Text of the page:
Suppose that we have a convex cap, i.e., a convex surface in $R^3$ homeomorphic to a disk whose boundary lies in a plane. Reflect the cap through the plane of its boundary and glue it back to the original cap along the common boundary curve. If the closed surface we obtain is convex, then it is rigid by a theorem of Pogorelov, i.e., any convex surface which is isometric to it is congruent to it.

My question is: do we still have rigidity when the doubled surface is not convex? I do not know the answer even in the case where each cap is spherical. Here we want to look at isometric surfaces which are smooth except along the curve where the two pieces meet, so that we do not get trivial examples by reflecting a portion of the surface.

In general very little is known about rigidity of non-convex surfaces, but this situation is so simple that perhaps someone might have an idea about it. It seems to me that this is the simplest non-convex case.

Addendum: There is a theorem of Alexandrov and Sen'kin, see p. 181 in Pogorelov, which seems to be relevant to the above problem. This theorem states that if a pair of isometric convex surfaces lie in the upper half-space, are star-shaped and concave with respect to the origin, and their corresponding boundary points are equidistant from the origin, then they are congruent.

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    $\begingroup$ The Bricard octahedra (en.wikipedia.org/wiki/Bricard_octahedron) are flexible, and formed in a different way by gluing together two copies of the same convex cap along a planar gluing polygon. I don't see how to make anything like them from your exact construction, but it suggests the problem could be difficult. $\endgroup$ – David Eppstein May 5 '18 at 7:28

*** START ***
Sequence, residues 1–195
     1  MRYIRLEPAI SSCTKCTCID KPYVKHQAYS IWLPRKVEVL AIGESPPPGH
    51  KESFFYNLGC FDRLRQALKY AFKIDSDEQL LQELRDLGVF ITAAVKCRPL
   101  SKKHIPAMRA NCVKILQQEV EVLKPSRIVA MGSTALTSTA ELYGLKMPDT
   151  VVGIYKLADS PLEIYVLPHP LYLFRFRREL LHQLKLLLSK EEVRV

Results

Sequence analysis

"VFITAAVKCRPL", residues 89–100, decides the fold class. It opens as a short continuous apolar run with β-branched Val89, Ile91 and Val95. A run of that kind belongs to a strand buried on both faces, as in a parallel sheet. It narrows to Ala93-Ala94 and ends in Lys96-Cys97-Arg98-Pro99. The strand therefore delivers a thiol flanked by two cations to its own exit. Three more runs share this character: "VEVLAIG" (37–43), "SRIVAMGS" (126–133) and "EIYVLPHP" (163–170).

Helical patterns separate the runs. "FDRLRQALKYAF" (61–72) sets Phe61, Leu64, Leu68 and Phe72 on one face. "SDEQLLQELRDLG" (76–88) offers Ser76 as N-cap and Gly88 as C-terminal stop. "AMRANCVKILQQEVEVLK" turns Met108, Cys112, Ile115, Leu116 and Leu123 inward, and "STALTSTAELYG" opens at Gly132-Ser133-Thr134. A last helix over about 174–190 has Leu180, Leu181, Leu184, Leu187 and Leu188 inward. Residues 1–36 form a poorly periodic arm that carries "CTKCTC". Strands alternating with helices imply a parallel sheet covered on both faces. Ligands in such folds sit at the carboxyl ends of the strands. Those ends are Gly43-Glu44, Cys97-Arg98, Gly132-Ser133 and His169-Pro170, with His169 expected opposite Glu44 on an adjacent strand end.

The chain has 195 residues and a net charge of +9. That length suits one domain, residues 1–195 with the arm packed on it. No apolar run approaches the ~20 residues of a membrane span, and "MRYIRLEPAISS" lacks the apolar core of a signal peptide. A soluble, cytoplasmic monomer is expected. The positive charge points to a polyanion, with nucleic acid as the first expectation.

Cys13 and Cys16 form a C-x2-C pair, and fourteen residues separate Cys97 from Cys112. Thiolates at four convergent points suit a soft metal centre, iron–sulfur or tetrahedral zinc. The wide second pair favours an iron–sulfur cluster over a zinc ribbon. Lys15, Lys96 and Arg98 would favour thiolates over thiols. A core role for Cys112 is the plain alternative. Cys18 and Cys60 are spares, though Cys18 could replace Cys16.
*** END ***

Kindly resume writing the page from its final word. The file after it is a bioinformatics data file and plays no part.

Here is one possible approach for convex polyhedra. This is only a sketch, not a proof. Truncate a convex polyhedron below its "equator," which I leave undefined. For a regular octahedron, clip off the lowest vertex:

Prove that this convex cap with boundary is rigid as it stands. I believe Alexandrov's results in Section 5.2 of his book,1 "Flexes of Convex Polyhedra," can establish that this particular cap is rigid.

Now join two copies along their common boundary, and argue that this closed polyhedron is rigid.

Perhaps this could establish rigidity of your double spherical cap via polyhedral approximations.

1Alexandrov, Aleksandr D. Convex Polyhedra. Springer Monographs in Mathematics, 2005. Translation of Russian edition, 1950. Section 5.2: p.246ff.


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